Reinventing The Wheel
How far down the slippery slope have we traveled since July 4, 1776? Founded under extremely stressful times and taking on the mightiest power bordering the Atlantic Ocean, 13 independent and sovereign colonies made a fateful decision to band together and stand up for what they felt was right.
E pluribus Unum, one out of many. This banding together for a common good was a trademark of what set us apart from all the rest of the world. Yet what made us prevail over almost 10 years of fighting today seems to have become the exact opposite. We seem to be fighting for ourselves rather than the common good.
Why is it that under our most basic principal of the majority rule, we have become a people insistent on the rule of one? Every exception needs to be catered to before a decision can be made. We craft wonderful phrases like, No Child Left Behind, and our understanding is that it has to be our child.
As we speed along the highways often ignoring the most basic "rules of the road," we justify our actions because we are in a hurry and besides; those rules of the road, aren't they for the other guy?
Often we as individuals think of every reason under the sun as to why something will not work, very seldom do we collectively seem to come together to see how to make things work. Just think about your last PTA meeting, a committee at your place of worship, let alone what you watch our public officials do on television.
What is the old phrase? If you want something done, ask a busy person. But as a society we have become mired down in paralysis of insuring we get "everyone's" opinion. Why? Don't we elect people to office who are supposedly well versed enough to represent us and make good decisions? Instead of being busy persons, our leaders seem to be acting more as consensus-builders hoping someone else will get it done.
Back in 1776 not only did our leaders put down and subscribe to some very important principals, for the most part they lived them. Yes, they argued. But the debates back then must have been eloquent to watch. The last eloquent speaker I had the privilege of listening to in person was Edward Everett Dirkson on the floor of the U.S. Senate.
Where is that opportunity today to argue forcefully for your convictions using the power of the spoken word rather than the 30-second sound bite that more often than not attacks the opposition rather than tries to argue a position for something?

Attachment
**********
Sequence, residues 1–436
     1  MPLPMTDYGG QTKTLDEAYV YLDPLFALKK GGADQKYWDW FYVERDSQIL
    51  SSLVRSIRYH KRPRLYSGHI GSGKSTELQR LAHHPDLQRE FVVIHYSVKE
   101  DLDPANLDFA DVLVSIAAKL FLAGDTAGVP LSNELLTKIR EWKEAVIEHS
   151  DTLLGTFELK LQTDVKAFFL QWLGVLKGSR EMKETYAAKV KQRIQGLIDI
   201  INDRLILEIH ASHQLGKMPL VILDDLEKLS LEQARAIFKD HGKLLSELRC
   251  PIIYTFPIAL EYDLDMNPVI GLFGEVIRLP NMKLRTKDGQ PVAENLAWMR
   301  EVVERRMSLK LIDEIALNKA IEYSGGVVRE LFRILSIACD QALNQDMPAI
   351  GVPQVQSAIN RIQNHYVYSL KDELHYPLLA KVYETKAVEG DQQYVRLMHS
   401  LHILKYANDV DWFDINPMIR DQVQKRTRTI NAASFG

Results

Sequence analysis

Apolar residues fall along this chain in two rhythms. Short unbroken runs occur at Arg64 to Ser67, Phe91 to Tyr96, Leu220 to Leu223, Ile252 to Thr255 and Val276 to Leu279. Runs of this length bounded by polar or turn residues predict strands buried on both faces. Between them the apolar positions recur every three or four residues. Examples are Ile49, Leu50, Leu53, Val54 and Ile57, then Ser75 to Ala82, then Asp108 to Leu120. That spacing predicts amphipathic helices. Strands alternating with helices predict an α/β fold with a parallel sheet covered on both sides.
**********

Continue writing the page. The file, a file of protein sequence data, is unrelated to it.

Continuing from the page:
Back in 1776 the leaders from these 13 colonies closed their final sentence of the Declaration of Independence, ".we mutually pledge to each other our lives, our fortunes, and our sacred honor." How many of us today would be willing to accept that pledge?
Today, we seem to have government at all levels telling us mostly what we cannot do, laws intended to improve our quality of life for everyone seem to be more focused on the "thou shall nots" instead of ".certain unalienable rights, that among these are life, liberty and the pursuit of happiness. That to secure these rights, governments are instituted among men, deriving their just powers from the consent of the governed."
Have we consented so much that we have become irrelevant to the professional politician who only acknowledges us when it is time to vote again? Haven't you heard or encountered at least once, a politician or entrenched bureaucrat whose disdain for the average citizen manifested itself in a public gaffe, to put it politely.
What is so wrong with our form of government where honest debate and discussion have to be secured behind rules of executive privilege? Case in point, the recently released results from the secret meeting of the Board of County Commissioners to develop the Strategic Plan. A plan that according to what I have seen is nothing more than a compilation of already existing programs or task force reports waiting to be implemented. What is so secret about that?
If it was the concern of the commissioners that we should not hear their debate on the "thorough look at taxes and fees to identify new or enhanced revenues for needed infrastructure," I need only remind them this was done for them in 1988 and made part of the public record. So to paraphrase the commission president, "All we needed to do was dust off the old study and bring it up to date."
Is it time again? "That, whenever any form of government becomes destructive of these ends, it is the right of the people to alter or abolish it, and to institute new government, laying its foundation on such principles, and organizing its powers in such form, as to them shall seem most likely to effect their safety and happiness."